Author Topic: Head bolts  (Read 869 times)

Offline KeithA

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Head bolts
« on: 07.09. 2017 14:17 »
Have found some misc 3/8 BSF bolts in my workshop that I want to use to make head bolts for my A7 52 project. Are these bolts normally high tensile??

Online JulianS

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Re: Head bolts
« Reply #1 on: 07.09. 2017 17:23 »
Yes with rolled, not cut, threads and reduced hex head.

Online rocker21

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Re: Head bolts
« Reply #2 on: 08.09. 2017 12:27 »
normal bsf bolts are not high tensile, you need to look at what is on the top of the bolt if they are high tensile they will be marked and you need them with rolled threads not cut with a die or turned on a lathe , so you need to buy the correct ones for either the iron head or the alloy one as they are different.
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Offline KeithA

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Re: Head bolts
« Reply #3 on: 09.09. 2017 13:40 »
Thanks for your answers gentleman, I didn't know about rolled threads, only for conrod bolts, and spoke nipples ect. I'm glad I asked.
Google says cut threads have minute tear marks that can crack into the centre of the bolt which is interesting.
Cheers KeithA

Offline KeithA

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Re: Head bolts
« Reply #4 on: 18.09. 2017 02:59 »
Yes These are the head bolts I have in another engine as I found it. Standard mild steel BSF.
I made a set like these ones, for my second engine, only to find out they are not suitable ie High tensile, rolled threads ect.
What could I do without this great forum. I will now have to order a couple of sets through Draganfly. Hope they are UK made not from the sub continent. Any recommendations.
Cheers KeithA

Offline coater87

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Re: Head bolts
« Reply #5 on: 18.09. 2017 03:24 »
 Kieth,

 I am going against the grain here.

 If the bolts you have are in good shape, I would use them.

 I am sure whatever Draganfly sells you will be substandard. What you have there is probably twice as good as what you will get from them, plus its the devil you know.

 If you cannot call SRM or a place with a reputation like they have, and that place tells you they do actually have high tensile with rolled threads on the shelf, ready to go head bolts for the bsa a10.....I would not waste my money.

 Lee

Central Wisconsin in the U.S.

Offline KeithA

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Re: Head bolts
« Reply #6 on: 18.09. 2017 04:41 »
Yes Thats reassuring to know, I should be able to use these.
The bolts in the picture are all nice condition with good threads ect, and not stretched.
I'm just building up a couple of standard engines, and wont be riding around everywhere at 90 MPH.
Thanks for the advise regarding suppliers.
Cheers KeithA

Online Black Sheep

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Re: Head bolts
« Reply #7 on: 18.09. 2017 06:41 »
If you have good original BSA bolts I would stick with them. Otherwise I would lash out on a set from C&D Autos or other reputable supplier. I would not use miscellaneous bolts. You would probably get away with it but it's your choice. Do avoid stainless head bolts which some suppliers offer. Nothing but trouble.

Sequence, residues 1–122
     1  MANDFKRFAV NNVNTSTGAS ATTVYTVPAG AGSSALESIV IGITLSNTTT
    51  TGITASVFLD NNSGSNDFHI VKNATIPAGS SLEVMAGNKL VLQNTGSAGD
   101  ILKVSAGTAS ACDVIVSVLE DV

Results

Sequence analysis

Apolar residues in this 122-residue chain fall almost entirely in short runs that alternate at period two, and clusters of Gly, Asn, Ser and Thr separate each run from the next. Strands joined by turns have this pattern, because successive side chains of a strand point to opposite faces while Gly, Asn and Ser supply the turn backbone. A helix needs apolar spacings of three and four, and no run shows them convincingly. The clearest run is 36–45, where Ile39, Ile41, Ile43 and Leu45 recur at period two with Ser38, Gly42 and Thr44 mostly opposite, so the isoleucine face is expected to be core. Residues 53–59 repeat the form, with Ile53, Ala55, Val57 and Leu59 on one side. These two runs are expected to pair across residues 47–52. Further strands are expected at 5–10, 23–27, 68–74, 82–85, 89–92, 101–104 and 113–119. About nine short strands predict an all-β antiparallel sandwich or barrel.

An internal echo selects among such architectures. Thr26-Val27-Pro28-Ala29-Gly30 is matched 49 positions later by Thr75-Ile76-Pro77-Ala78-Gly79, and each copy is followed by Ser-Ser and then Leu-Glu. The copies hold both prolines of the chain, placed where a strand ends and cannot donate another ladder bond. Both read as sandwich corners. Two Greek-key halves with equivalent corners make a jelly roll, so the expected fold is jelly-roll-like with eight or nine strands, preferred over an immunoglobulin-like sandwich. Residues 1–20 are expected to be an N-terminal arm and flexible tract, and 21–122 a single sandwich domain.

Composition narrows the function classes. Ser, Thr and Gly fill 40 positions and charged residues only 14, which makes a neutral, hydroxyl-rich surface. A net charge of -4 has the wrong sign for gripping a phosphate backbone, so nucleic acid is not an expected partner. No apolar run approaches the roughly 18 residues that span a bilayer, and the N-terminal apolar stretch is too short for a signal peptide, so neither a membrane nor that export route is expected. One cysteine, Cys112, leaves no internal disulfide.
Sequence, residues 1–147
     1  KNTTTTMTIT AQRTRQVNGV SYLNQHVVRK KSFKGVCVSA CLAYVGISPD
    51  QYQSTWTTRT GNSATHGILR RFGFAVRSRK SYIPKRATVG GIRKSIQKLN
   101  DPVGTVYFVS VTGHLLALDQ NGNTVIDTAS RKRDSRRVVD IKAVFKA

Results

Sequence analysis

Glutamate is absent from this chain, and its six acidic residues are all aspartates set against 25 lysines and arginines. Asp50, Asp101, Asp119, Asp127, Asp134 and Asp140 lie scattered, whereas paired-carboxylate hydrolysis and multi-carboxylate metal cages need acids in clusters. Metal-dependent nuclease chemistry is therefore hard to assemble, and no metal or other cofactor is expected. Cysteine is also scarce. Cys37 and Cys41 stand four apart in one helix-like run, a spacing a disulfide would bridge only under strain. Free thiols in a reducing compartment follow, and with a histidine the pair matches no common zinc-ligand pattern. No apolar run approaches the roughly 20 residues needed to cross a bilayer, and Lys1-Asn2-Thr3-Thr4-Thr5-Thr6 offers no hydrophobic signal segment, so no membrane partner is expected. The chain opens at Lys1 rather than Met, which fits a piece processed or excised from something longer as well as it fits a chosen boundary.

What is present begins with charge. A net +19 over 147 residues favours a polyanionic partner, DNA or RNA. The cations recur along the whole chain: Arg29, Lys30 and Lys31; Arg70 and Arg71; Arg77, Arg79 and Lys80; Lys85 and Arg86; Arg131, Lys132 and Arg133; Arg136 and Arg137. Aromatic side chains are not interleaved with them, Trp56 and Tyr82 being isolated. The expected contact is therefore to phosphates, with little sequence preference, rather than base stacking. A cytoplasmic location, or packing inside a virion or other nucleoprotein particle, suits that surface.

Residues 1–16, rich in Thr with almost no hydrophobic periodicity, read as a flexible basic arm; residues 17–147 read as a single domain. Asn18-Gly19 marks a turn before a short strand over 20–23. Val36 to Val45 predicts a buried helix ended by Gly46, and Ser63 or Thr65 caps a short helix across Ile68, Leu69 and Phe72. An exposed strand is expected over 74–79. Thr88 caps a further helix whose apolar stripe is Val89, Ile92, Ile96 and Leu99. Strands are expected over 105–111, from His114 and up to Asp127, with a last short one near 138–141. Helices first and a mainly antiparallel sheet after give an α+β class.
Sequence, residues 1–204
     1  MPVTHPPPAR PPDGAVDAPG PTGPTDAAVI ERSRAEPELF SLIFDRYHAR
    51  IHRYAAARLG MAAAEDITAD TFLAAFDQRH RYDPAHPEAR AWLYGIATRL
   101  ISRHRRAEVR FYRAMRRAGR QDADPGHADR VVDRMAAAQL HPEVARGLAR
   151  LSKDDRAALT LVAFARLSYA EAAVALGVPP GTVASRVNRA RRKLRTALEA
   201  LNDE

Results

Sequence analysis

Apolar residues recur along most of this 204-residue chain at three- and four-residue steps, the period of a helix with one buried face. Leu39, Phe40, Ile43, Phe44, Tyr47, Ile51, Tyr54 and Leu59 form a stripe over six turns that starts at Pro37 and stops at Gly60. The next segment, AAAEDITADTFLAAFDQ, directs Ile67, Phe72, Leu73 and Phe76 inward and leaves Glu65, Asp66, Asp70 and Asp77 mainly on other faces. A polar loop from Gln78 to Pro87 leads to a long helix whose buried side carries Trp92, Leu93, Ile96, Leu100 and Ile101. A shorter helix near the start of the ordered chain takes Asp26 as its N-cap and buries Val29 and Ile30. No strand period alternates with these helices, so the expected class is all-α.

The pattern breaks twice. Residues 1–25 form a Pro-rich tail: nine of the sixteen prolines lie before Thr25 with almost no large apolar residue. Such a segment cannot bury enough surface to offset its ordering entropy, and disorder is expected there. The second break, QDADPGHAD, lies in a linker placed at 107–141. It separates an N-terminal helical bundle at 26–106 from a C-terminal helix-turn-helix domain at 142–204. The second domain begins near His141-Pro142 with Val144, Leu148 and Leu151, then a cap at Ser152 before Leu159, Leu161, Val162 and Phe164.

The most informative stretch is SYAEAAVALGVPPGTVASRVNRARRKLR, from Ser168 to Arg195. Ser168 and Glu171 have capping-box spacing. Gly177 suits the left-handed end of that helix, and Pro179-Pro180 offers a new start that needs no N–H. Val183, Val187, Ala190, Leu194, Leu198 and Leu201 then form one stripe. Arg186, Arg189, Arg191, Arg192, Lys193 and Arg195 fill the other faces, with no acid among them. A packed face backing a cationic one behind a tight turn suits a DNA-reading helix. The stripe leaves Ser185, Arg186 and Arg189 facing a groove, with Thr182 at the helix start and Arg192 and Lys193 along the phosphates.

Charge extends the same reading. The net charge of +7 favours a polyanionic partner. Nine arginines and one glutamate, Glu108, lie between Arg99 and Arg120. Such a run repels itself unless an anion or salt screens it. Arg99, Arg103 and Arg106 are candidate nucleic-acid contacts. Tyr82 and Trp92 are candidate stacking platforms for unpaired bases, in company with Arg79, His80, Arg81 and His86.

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Online JulianS

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Re: Head bolts
« Reply #8 on: 18.09. 2017 08:48 »
I agree re stainless - tried a set of the 4 outer visible ones. They stretched and would not hold a torque figure. You could see the necking on the threads.

Offline muskrat

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Re: Head bolts
« Reply #9 on: 18.09. 2017 13:37 »
Keith, don't get that box of beer this week. Instead buy a set of proper head bolts!
Cheers
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Offline KeithA

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Re: Head bolts
« Reply #10 on: 18.09. 2017 23:59 »
Yep Thanks for the advise. I'll buy a proper set then.
KeithA

Offline bl**dydrivers

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Offline Sluggo

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Re: Head bolts
« Reply #12 on: 16.10. 2017 19:17 »
Bolts can be anything you want,  Cheap and nasty, made with left overs from Chernobyl nuclear plant and meted down in a backyard smelter or Aerospace grade and everything in between.

A cut thread is okay in many applications but not for a cyl head that has a lot going on with thermal-heat issues as well as holding a torque, But a rolled thread is made by FORMING a thread and not cutting one so 2 different processes and the strength is different. But dont get too excited about reports of micro cracking.  It all depends on what material the bolt is made out of and heat treating.

Nothing wrong with stainless tho, stainless seems rather misunderstood.  No such thing as 1 type of stainless, there is a wide array of common stock stainless (17-4, Inconel and many others) all with specific properties.  Norton and Triumph owners have a wide variety of stainless fasteners readily availible on the market and other than some ill advised (IMHO) Stainless axles nobody every seems to have any issues with these other supplys.   But most decorative stainless hardware sold over the counter is rather soft material and typically only a grade 2 in strength.    In a pinch I  culled a large collection of bolts from auto engines in a wrecking yard or 2 and these make excellent donors provided you properly resize them and rethread them.

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